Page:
The other day I got the following unsolicited e-mail from a Web designer: “I just visited your site to check your copywriting service. You have a very good portfolio, but one thing that your website lacks is powerful design that would reflect such quality service. It just happens that I offer redesign service, so I decided to e-mail you.
“I have a lot of top-quality design templates to choose from. I also provide full customization/optimization service. You have a truly professional service and background, so I believe your online ‘look & feel’ should not be worse. If you are interested, let me know.” Can you spot all the mistakes in this e-mail to me?
1. It is an unsolicited promotion sent to an e-mail address where the recipient has not “opted in” — that is, has not agreed to receive such messages. Therefore, it is illegal spam. Not a great way to start a relationship.
2. The first sentence is misleading. He makes himself sound like a prospect interested in my copywriting services . . . which he is not.
3. In the second sentence, he gives me a critique of my website — a critique I did not ask for and therefore place no value upon (especially since I have never heard of him).
4. His critique is negative. He insults me within the first two sentences of our “conversation” — and I don’t even know who he is.
5. In the third sentence, he shows his true colors. He is not giving an objective critique with any real value. He is simply trying to peddle his services — without knowing a single thing about me, my goals, or my level of satisfaction (or dissatisfaction) with my current website.
6. The phrase “it just happens” has all the probity of a $3 bill. It’s obvious that this guy spends his time writing to website owners in the desperate hope that they’ll hire him.
7. The sixth sentence insults me again, telling me that my website is “worse” than it should be. It’s a common ploy that many service marketers — usually those without much business and hungry for some revenue — think will work: Tell someone that his widget (or whatever) sucks and that you can make it better . . . if only he will hire you. It seldom works.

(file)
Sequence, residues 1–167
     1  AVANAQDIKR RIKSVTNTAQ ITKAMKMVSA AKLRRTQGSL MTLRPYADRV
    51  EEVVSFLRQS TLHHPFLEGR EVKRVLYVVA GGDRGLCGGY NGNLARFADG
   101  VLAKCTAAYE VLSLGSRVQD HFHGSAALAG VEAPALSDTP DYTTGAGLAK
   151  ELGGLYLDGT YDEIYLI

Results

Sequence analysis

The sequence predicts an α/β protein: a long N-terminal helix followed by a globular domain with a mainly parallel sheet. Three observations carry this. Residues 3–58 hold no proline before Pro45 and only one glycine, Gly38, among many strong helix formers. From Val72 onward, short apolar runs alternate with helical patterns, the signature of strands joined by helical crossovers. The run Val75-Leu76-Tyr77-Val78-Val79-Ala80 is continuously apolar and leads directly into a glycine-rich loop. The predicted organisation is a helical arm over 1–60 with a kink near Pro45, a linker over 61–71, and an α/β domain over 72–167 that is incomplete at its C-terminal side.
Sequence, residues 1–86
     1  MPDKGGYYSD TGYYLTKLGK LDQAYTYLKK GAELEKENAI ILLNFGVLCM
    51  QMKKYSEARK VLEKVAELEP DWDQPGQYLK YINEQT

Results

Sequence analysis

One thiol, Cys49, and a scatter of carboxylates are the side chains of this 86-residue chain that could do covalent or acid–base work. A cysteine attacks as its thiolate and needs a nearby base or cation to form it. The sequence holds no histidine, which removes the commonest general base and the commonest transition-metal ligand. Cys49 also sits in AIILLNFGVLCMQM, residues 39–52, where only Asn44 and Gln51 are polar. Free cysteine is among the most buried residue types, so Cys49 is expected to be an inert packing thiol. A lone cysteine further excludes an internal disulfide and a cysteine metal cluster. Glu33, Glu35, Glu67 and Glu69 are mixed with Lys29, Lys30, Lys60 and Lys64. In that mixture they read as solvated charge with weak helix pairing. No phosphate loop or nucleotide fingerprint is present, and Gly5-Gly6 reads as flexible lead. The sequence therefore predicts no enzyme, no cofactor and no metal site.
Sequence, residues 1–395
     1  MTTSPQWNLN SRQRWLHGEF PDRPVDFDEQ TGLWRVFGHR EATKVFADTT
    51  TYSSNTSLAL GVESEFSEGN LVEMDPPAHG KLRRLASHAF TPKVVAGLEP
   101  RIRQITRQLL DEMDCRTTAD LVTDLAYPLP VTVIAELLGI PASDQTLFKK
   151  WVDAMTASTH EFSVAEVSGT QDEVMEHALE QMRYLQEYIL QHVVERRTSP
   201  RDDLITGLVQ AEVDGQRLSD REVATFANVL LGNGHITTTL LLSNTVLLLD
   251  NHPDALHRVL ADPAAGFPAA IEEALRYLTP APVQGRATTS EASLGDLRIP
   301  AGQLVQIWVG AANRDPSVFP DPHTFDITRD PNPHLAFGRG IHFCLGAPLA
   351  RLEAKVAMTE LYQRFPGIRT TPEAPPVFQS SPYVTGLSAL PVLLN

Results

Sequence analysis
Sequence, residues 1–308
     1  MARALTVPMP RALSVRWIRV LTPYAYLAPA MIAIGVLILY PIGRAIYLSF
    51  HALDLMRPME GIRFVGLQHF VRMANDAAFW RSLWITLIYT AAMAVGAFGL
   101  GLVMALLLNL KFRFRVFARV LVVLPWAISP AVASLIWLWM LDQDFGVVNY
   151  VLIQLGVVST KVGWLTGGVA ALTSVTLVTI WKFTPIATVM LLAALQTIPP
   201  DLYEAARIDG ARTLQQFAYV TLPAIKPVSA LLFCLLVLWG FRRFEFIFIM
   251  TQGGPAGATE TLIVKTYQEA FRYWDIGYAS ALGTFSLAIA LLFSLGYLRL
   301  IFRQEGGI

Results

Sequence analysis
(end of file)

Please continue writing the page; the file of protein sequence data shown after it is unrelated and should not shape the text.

Here’s why: To begin with, you are offering unsolicited advice . . . which is absolutely the worst kind. The work you are criticizing may very well have been done by the person at whom you are aiming the criticism . . . so you are insulting a complete stranger. An odd way to get people to like you. (And, remember, people usually do business only with people they like and trust.)
Also, you are giving a subjective opinion without any facts to back it up. In the example above, this guy has no idea as to how well my website is working, whether it is achieving its sales goals, or even what those objectives are. So how can he be in a position to judge whether what he sees is working? He’s not. And that reduces his already marginal credibility with me to virtually zero. So, what’s the root of the problem?
It’s this: To be a successful marketer, you’ve got to solve a problem that’s important to the customer. To solve a problem that’s important to the customer, you first have to identify what problems the client has and then identify those that are most important and urgent. What’s a better approach that he could have taken with me? Just about anything would have been better than pretending to give me an objective critique when, in reality, he was delivering a blatant sales pitch.
He might, for example, have asked, “If there’s one thing you would want to change or improve about your website, what would it be?” Or he could have offered to share with me some new Web marketing techniques that he has used for his other clients — techniques that worked well for them and that I might be interested in knowing about. Should you ever give someone unsolicited advice? Only under certain circumstances — and only if you do it the right way.